The medieval town of St Emilion forms the backdrop for a low cellar that the British architecture studio Foster + Partners has completed for the French wine producer Le Dôme.
Hidden away in the hills of Bordeaux, France, Le Dôme winery was designed to complement its rural wine-growing environment.
Home + Partners was commissioned for the project by Dome owner Jonathan Maltus, who requested a “state of the art” wine production facility.
Maltus’ other requirement was for the winery to celebrate its site and its proximity to the Old Town, which is a UNESCO World Heritage Site dating back to Roman times.
“When Jonathan Maltus first approached us, he expressed a desire to create a distinctive new winery, in the unique context of St Emilion,” said studio founder Norman Foster.
“He wanted the building to be a celebration of the magnificent site, focusing on the view of the vineyard and making the landscape the main protagonist of the design,” he explained.
“The idea was to blend the building with its surroundings while creating a welcoming space for visitors and wine lovers,” added Foster.
Le Dôme cellar sits at the end of a tree-lined avenue and is marked by a domed roof covered with recycled terracotta tiles.
Inside, it comprises two floors, one of which is partially buried in the landscape to minimize the overall visual impact of the structure.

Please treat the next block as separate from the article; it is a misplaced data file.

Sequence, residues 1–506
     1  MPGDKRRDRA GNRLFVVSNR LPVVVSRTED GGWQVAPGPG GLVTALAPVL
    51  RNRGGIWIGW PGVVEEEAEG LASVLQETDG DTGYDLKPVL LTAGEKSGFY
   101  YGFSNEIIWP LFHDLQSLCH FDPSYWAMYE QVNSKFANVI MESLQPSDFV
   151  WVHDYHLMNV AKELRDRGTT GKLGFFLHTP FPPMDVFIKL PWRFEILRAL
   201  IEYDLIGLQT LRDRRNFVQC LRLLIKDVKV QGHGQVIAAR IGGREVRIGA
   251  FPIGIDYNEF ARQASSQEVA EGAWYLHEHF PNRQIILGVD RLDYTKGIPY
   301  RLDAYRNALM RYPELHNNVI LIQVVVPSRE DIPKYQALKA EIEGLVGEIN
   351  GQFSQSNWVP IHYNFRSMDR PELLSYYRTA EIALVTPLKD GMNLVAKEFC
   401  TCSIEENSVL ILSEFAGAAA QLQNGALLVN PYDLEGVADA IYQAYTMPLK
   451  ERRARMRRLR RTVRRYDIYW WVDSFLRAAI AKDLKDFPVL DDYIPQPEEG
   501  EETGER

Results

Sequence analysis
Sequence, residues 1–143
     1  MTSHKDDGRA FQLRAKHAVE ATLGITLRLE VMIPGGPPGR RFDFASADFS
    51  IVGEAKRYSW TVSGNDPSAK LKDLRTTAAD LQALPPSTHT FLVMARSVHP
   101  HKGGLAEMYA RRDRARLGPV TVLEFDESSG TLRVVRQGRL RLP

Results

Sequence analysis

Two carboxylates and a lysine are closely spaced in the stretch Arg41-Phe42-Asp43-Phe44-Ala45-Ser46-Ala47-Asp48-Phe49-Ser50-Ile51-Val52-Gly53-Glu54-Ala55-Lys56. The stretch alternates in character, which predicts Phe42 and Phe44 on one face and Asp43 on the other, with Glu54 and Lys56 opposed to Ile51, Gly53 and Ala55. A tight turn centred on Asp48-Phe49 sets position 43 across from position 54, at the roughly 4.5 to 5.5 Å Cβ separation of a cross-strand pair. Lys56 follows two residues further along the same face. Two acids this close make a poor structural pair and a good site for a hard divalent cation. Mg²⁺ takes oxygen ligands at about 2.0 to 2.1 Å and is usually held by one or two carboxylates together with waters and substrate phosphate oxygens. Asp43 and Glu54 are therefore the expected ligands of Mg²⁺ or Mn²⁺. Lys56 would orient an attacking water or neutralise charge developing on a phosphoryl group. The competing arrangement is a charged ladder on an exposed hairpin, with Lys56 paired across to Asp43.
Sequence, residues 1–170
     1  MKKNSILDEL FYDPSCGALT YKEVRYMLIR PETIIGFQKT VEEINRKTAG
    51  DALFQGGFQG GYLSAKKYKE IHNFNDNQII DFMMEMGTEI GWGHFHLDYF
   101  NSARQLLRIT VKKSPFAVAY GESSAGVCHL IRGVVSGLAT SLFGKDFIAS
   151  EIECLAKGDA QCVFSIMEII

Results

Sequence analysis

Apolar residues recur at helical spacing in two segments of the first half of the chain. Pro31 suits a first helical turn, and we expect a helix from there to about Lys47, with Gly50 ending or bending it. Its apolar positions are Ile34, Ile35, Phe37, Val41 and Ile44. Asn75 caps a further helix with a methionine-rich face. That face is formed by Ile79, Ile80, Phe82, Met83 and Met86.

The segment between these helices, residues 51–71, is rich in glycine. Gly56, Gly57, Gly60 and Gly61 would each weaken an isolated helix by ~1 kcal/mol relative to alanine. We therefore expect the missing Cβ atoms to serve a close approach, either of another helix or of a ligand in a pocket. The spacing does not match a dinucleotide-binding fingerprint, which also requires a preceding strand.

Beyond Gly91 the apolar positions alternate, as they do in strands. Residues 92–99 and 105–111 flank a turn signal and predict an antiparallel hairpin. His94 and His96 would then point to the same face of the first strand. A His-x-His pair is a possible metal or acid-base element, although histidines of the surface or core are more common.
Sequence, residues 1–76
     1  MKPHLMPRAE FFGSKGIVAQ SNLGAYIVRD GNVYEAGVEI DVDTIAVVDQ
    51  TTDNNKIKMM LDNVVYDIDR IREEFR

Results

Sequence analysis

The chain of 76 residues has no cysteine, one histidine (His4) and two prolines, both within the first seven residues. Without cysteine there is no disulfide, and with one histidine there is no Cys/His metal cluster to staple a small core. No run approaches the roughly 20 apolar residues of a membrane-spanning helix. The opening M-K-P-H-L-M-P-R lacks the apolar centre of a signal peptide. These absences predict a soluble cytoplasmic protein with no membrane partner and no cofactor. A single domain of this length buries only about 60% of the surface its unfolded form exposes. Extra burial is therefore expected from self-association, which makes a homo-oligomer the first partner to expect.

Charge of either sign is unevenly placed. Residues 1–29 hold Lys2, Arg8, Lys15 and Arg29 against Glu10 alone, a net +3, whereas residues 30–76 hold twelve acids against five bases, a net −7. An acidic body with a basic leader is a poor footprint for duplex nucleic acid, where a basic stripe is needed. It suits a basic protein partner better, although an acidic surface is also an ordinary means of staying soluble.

The lower level of the cellar is poured in concrete and clad in wood, while the upper level is lined with panoramic glazing which maximizes the views inside and outside the building.
Foster + Partners designed a circular plan for the building, which incorporates two ramps – one positioned outside and one inside.
Ramps guide visitors through the building, allowing them to observe the different stages of the winemaking process, before reaching the next level for a wine tasting experience.
Described by the studio as the “social heart of the building,” the upper level features tables, a bar and entertainment areas. Its glass windows also provide visitors with stunning views of the vineyards and the city beyond.
In the center of the space is a circular atrium that allows people to look down on the wine production and storage spaces on the lower level.
The upper floor has a series of sleek office modules for employees, which are surrounded by wooden screens for acoustic and visual privacy.
These screens are complemented by the conch-shaped underside of the domed roof which is also made from wood.
The 40-meter-wide roof structure was developed in-house by the architectural and industrial design teams of Foster + Partners.
It uses a reciprocal frame – a type of free-standing structure made up of inclined beams – which ensures that the space is column-free.
The design of the roof’s twirling structure also gives rise to a six-meter-wide oculus at its center, which floods the upper level with daylight.
The Dome was one of twelve buildings featured by Dezeen in his roundup of new buildings to watch for in 2021. Other recently completed projects on the list include a coastal library in China by MAD and SANAA’s rebirth of the great La Samaritaine store in France.
Founded in 1967 by Norman Foster, Foster and Partners is an international architecture studio headquartered in London. The studio had previously designed a glass-walled cellar in the historic Chateau Margaux wine estate outside Bordeaux and a cellar clad in weathered steel shingles in Spain.
In the UK, he is currently designing The Kentish Wine Vault, which will feature a green roof that extends across the landscape to help disguise it.
The photograph is by Nigel Young.